Well, I’m back at the blogging again. Just a quick update on things since we last spoke:
- I’m in my final semester of school at the Kent State UXD program.
- I’m at a new job; I started as a Senior UX Researcher at HubSpot in mid-January
- I’ll be blogging weekly reflections for my last full course, Interaction Design.
This course focuses on creating a mobile application for parents/guardians to manage their children’s lunch money account. The first week of the class focused on taking the information presented in two supplied personas and an application specifications document to create User Journeys and a “Site” (probably more apt to say “application”) Map. More details on the specifications and personas can be found at the respective links (PDF).
Even though I have some experience calling out the different paths that a user could take as they use a site or application, I have never gone through the process of creating storyboards. Even though I’d like to think I have a mind/eye for design, I am not very good at drawing things that will end up looking “professional.” So while I was able to start sketching the general concept and flow of the storyboard, I was not really confident in how I would make something final that would work well. So, luckily, I found some storyboarding software from Infragistics that allowed me to create some more professional looking screens. The hard part was making sure I could depict the right scenes with what was available, and not focus on creating anything from the interface to show. I think that in the future I will stick to text and stock imagery when available – trying to find something that looks like a sketch or hand-drawn was too time intensive and may not deliver the best value.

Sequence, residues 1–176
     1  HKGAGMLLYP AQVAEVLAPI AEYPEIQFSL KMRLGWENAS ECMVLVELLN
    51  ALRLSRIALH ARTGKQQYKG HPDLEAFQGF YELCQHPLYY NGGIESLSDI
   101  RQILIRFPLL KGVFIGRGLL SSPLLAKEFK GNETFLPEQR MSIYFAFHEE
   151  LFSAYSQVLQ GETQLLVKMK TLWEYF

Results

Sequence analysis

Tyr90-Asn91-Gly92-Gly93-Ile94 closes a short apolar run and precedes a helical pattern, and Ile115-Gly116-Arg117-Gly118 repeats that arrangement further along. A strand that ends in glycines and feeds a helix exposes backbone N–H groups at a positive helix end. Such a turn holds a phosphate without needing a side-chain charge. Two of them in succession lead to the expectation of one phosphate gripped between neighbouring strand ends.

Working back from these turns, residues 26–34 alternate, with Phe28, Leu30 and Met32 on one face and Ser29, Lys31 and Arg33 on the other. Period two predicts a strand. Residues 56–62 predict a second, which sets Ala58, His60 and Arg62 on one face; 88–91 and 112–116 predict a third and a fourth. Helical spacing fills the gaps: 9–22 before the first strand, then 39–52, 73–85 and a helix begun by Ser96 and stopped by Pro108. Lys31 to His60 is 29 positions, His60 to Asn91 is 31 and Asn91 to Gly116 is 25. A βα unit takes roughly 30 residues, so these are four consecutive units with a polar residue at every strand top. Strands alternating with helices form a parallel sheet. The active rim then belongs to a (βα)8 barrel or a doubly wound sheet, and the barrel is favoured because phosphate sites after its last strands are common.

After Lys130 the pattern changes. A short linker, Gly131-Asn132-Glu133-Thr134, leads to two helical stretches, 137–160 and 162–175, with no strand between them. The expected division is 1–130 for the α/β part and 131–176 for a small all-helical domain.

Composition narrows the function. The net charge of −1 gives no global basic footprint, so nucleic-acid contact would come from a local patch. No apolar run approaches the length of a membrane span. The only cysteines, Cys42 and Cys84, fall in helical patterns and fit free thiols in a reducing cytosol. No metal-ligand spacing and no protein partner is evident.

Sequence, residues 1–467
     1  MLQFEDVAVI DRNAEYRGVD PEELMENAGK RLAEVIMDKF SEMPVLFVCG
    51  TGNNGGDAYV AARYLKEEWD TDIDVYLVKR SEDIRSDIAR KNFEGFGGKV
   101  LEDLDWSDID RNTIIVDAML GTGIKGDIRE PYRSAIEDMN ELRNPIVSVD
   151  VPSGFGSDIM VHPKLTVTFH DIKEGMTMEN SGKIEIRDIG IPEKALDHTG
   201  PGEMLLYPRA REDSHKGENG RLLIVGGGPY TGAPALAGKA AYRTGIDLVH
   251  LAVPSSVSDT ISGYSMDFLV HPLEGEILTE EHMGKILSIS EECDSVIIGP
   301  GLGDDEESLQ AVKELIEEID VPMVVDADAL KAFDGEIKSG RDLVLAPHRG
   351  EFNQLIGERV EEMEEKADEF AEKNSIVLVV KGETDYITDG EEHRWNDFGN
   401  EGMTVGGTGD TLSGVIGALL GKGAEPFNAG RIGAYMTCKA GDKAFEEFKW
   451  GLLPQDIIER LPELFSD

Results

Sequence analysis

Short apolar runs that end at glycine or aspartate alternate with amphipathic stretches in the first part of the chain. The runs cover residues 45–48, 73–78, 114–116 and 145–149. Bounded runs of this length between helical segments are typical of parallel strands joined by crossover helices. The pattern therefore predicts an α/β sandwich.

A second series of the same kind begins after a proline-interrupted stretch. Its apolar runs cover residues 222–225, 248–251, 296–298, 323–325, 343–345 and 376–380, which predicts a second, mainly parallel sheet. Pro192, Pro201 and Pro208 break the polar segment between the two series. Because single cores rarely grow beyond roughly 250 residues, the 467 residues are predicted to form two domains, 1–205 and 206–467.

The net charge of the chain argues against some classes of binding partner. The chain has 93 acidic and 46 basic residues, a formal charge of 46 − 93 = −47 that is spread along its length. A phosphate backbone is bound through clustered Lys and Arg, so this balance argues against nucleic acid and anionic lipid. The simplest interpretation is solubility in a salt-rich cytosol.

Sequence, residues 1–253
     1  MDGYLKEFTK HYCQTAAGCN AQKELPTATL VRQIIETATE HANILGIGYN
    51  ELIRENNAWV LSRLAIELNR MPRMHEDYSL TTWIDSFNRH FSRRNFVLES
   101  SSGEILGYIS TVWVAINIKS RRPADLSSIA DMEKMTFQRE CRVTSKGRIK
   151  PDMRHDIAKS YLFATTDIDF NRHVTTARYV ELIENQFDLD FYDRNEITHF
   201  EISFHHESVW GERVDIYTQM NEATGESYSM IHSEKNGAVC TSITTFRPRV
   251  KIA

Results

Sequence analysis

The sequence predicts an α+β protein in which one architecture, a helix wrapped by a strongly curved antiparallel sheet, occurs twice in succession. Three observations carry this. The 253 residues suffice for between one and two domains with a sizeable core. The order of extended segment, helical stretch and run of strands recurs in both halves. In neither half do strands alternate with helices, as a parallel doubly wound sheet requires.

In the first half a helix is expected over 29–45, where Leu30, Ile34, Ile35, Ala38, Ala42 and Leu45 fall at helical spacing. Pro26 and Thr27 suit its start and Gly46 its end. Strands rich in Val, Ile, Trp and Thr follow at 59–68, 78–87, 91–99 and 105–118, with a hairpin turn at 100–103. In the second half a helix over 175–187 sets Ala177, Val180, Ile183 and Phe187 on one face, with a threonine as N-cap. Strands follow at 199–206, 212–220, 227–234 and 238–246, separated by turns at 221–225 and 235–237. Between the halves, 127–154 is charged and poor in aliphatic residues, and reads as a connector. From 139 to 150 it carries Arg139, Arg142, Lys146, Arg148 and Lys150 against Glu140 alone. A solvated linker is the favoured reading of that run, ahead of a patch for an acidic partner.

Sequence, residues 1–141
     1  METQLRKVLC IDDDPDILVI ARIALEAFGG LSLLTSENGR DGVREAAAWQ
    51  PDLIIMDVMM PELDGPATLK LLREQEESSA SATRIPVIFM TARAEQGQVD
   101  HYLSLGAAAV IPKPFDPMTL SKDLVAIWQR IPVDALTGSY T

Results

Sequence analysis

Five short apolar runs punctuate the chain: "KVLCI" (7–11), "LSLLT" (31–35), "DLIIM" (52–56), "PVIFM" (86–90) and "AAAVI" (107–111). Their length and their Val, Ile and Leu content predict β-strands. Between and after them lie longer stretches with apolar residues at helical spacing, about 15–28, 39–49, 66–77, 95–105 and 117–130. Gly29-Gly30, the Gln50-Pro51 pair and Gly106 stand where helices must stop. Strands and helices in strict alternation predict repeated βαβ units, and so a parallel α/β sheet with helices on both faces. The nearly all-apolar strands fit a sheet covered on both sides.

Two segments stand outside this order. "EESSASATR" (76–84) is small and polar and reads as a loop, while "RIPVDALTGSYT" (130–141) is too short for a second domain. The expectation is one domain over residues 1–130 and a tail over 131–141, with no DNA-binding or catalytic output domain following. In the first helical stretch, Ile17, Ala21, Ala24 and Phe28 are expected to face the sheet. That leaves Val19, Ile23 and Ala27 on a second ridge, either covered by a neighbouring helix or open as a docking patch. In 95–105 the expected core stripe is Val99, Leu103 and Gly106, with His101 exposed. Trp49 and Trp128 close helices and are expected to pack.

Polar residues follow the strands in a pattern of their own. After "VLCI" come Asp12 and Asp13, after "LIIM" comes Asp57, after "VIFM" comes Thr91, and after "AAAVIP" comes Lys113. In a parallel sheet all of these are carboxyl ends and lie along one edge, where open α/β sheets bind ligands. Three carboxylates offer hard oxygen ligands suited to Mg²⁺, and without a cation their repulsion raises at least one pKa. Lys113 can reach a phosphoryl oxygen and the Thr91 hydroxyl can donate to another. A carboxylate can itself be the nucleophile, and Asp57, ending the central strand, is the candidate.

I am a bit more well versed on site maps/blueprints, so that part of the assignment felt easier to me. I have a few templates in Omnigraffle that I like using (their orange, which happened before I started my new job), which are easy to manipulate. The interesting part of creating a map for a mobile application, is that even though there were a lot of different features, the scope felt very small. Maybe that’s the idea; I’ve read articles by LukeW and others that have said that doing this “mobile first” design exercise should mean taking only the top tasks/actions and putting them in an easy to use interface.
I’m looking forward to starting the process of creating wireframes based on the screens that I have mapped out! More on that in the coming weeks.